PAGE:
When the two women were done with their practice, Lathna reluctantly said good-bye, after first inviting them both to dinner any time they wished at her family's homestead. Thiacene watched her go in silence for a moment, then glanced at Arrow. "She's the first human friend I've ever had. Not counting you."
"I hardly count," Arrow agreed with a wry smile.
"That isn't what I meant."
"I know. It's good for you to have a friend your own age. Lathna is a fine woman. I hear that she has many suitors hoping to marry her."
Thiacene scowled, her expression startlingly reminiscent of her brother, but said nothing. They started back towards Kestrel's homestead, walking side-by-side in silence. After a while, though, Thiacene's frown eased and she glanced at Arrow. "You're quiet today."
"Just doing a lot of thinking."
Arrow hesitated, then decided that it would be good to confide in Thiacene. Her sister-by-marriage would carry no tales. "I've been thinking about going home. To the steppes. I keep asking myself if it's been long enough."
"I don't understand why you've waited this long."
"The wounds my clan made on one another were bitter," Arrow said quietly, wondering how she could explain it so that any outsider could understand. "The war turned brother against brother, father against son, nephew against uncle. It was my skill as a Champion that gave Blood on the Wind the idea of starting the war in the first place."
"That wasn't your fault."
"Perhaps. Not all see it that way." Arrow shrugged. "I want to go back for Dawn's sake. She'll be five in the spring, old enough to get her permanent name, and I would like for her to have a proper ceremony with her clan around her. But I also want to go back for myself. I miss the steppes. I miss riding for days, having the open plains all around me. I miss my uncle, Leaf Dancing, and my cousins, and my friends, what few I had."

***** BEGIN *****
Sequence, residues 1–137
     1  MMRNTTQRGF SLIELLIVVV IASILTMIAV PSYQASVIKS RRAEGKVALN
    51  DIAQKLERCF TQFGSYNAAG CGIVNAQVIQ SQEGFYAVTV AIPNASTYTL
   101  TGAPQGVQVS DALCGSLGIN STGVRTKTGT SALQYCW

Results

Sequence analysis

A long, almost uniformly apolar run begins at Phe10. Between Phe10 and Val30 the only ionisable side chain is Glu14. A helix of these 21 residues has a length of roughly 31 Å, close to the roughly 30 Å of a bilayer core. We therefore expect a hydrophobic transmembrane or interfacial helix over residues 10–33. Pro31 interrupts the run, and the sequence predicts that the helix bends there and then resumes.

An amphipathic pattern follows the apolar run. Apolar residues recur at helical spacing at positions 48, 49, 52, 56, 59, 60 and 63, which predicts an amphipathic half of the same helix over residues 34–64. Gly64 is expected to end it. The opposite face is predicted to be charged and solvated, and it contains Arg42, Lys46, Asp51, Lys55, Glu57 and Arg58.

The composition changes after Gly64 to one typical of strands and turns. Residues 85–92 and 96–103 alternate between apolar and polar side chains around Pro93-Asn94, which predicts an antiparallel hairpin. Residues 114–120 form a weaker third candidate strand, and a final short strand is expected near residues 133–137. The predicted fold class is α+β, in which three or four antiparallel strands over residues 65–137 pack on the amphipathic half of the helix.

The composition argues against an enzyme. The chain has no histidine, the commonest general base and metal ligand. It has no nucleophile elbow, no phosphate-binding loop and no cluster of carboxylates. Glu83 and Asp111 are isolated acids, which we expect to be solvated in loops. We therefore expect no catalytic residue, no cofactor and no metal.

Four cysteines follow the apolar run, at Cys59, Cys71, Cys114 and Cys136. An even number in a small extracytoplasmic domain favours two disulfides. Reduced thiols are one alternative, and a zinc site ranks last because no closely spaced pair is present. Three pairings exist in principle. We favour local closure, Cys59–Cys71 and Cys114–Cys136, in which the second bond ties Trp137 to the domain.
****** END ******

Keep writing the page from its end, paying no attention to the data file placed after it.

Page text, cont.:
Thiacene glanced away, and her shoulders slumped. "I understand. I miss the Sanctum. But even more ... I miss mother and father. I wish I knew what happened to them after they were exiled. When we were traveling here, I kept hoping that we would run into them. Dumb, I know, but I couldn't help it. Ever since then, I've wondered if I ought to leave and go look for them. Only I don't even know where to start. They could be anywhere in the world now." She didn't add the obvious, that they could both easily be dead, as if not saying the words would somehow prevent them from coming true. "I wish ... I wish I knew what they would think of me, if they could see me now."
Given their horrified reaction to having a barbarian for a daughter-in-law, Arrow could easily guess what they would think. But saying it seemed cruel, so she instead she said, "You can quit any time. You don't have to continue this."
"And do what? Shave my head and join the others, pretend that I believe all the nonsense about love and a higher calling that Thraxis is always going on about? Go learn herb-lore with Viabold? Should I lie and say I'm sorry I killed Vilhardouin, that I wish I hadn't saved Thraxis' life by putting an arrow through her?"